Morgan Freeman is pictured with villagers during the Ethiopian Peace Ceremony in Omo Valley in a scene from the documentary series “The Story of Us.” The series debuts on cable’s National Geographic Channel Oct. 11, 9-10 p.m. EDT. (CNS photo/Maria Bohe, National Geographic)

NEW YORK (CNS) — The engaging, if occasionally morally squishy, documentary series “The Story of Us” debuts on cable’s National Geographic Channel Wednesday, Oct. 11, 9-10 p.m. EDT.

A companion to National Geographic’s Emmy-nominated “The Story of God,” which finished its second season last January, “The Story of Us” explores universally human themes in vignettes.

Shown in six one-hour episodes highlighting specific themes, episodes will air in the same time slot Oct. 11-25 and Nov. 8-22.

Containing cultural nudity, violence, some bleeped-out profanity, themes of war, slavery, child abuse, terrorism, post-traumatic stress, transgenderism, solitary confinement and religious discrimination, “The Story of Us” is apt grownup fare.

The celebrated actor Morgan Freeman’s Revelations Entertainment, which also produced “The Story of God,” produces this series as well. And as he has done in the first series, Freeman becomes the viewers’ guide and an actor in his global journey to discover “the ties that bind us, the common humanity inside us,” which is the “story of us.”

Looking more youthful than his 80 years, yet reflecting the hard-earned wisdom, which comes from living that long, Freeman comes across as someone’s hip grandfather. Open to new ideas and experiences, Freeman appears sincerely curious about his story’s subjects. And of course, the consummate, venerable actor helps viewers identify more closely with the profiled persons’ experiences and humanity.

As an African-American, moreover, Freeman embodies the multiculturalism the series embraces, and his attitudes reflect the show’s progressive humanism. He travels to Guatemala, Bolivia and Ethiopia, among other locales, to interview his subjects, who illuminate the series’ themes and amplify its philosophy.

The first three episodes examine humanity’s desire for freedom, its quest for peace and the power of love. Other episodes will explore our political and cultural divisions, how we can share power more equitably and the spirit of people who work to change the world.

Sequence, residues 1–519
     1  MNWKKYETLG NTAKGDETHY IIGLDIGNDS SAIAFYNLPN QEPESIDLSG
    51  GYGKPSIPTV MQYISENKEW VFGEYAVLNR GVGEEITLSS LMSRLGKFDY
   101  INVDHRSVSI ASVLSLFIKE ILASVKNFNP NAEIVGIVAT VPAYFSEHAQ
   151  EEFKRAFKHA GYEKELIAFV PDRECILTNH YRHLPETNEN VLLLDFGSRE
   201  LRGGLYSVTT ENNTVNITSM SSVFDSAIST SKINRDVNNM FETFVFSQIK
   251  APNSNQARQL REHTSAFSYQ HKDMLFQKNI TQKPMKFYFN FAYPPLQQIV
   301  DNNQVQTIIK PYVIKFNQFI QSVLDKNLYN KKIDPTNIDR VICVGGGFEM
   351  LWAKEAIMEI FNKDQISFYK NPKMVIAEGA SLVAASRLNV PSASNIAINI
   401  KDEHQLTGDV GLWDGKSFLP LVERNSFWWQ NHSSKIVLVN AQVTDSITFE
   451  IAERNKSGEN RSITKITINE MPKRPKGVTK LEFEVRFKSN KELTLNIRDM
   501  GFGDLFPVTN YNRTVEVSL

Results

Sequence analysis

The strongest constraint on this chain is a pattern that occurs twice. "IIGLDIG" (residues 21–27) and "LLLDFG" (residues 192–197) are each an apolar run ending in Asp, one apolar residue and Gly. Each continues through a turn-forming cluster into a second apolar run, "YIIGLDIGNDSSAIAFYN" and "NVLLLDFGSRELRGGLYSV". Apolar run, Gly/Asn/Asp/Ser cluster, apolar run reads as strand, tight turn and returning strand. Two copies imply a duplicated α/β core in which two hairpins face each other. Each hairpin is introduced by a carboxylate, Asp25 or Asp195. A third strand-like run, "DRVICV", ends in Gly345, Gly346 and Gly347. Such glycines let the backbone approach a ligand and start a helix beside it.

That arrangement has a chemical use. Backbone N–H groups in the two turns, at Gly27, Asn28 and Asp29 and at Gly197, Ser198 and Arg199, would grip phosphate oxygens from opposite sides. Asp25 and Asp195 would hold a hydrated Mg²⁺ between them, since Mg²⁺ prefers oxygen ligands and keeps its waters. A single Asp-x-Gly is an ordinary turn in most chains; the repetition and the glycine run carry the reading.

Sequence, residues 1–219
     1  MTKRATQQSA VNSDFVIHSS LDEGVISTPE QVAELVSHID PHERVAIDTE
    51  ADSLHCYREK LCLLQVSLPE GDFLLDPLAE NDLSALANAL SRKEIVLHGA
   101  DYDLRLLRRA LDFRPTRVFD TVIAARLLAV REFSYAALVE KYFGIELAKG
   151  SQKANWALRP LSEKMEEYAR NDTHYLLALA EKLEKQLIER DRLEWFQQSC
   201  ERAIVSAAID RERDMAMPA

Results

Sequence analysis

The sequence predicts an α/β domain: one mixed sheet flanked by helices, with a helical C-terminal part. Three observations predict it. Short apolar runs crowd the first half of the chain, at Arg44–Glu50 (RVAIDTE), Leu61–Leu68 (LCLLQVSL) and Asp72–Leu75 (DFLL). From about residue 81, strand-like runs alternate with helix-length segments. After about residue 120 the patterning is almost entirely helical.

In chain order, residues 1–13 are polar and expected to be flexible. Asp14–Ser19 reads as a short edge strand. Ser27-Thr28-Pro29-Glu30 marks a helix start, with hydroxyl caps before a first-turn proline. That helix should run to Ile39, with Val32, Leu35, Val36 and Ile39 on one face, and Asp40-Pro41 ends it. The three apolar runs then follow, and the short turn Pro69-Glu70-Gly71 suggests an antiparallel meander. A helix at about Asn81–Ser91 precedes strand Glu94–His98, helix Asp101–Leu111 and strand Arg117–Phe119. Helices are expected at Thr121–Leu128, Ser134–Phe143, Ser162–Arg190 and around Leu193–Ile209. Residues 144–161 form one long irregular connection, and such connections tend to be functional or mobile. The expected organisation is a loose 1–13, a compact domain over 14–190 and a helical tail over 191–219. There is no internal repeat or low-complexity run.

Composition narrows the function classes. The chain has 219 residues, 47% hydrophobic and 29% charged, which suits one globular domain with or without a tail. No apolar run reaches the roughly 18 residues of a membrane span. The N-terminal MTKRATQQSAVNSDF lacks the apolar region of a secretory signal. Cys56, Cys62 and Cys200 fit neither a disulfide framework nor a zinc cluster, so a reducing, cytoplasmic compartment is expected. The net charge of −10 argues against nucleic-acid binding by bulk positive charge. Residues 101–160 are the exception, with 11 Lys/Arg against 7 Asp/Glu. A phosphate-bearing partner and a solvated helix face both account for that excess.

The snapshots Freeman presents will give viewers much to contemplate and with which to wrestle.

Consider Albert Woodfox’s story. Already serving time in Louisiana’s notorious Angola prison, the African- American was falsely convicted of a prison guard’s murder in 1972. Woodfox consequently spent 23 hours a day — every day, for 43 years — in a 6-foot-by-9-foot cell, the longest anyone in the United States has spent in solitary confinement.

Released in 2016, after his conviction was finally overturned, Woodfox tells Freeman, “It’s a living nightmare with one horror after another is the best way I can describe prison.” But he adds, “My mind and emotions were beyond the confinement of that cell.”

The friendship between Catholic Daniel Walsh and a Protestant woman (who’s afraid to reveal her identity) in Belfast, almost 20 years after the 1998 Good Friday peace accord ended “The Troubles” in Northern Ireland, demonstrates achieving peace doesn’t end when war does. But, as Freeman says, “as long as people are willing to cross the divide, there’s hope for peace.”

The above stories evoke and provoke as the filmmakers intend, and as good documentaries should. However, other aspects of “The Story of Us” are problematic. Transgender woman Victoria Khan’s story is a primary example. Viewers will feel compassion for the multiple tragedies she experienced in her Afghanistan childhood.

She endured the atrocities of that country’s protracted civil war, and witnessing her young sister being raped by an imam, she carried her sister to safety, only to escape again, after jihadists tried to compel her join their company.

But the 18 surgeries Victoria experienced to become a woman will trouble Catholic viewers. She insists she did it to become free, but Catholics understand, as a child of God, Victoria, like the rest of us, was born free. And Freeman’s affirmation of Victoria’s decision to change genders and repudiate God’s most fundamental gift will especially disturb Catholics.

Freeman’s misty-eyed celebration of 1967’s “Summer of Love” as the manifestation of the love toward which societies should aspire also is a morally dubious proposition. That putative summer, in reality, engendered promiscuity and infidelity, which significantly contributed to the American family’s unfortunate fragmentation.

There’s much to recommend and like about “The Story of Us,” but to appreciate its value adult viewers should carefully sift through some of its questionable arguments.


Byrd is a guest reviewer for Catholic News Service.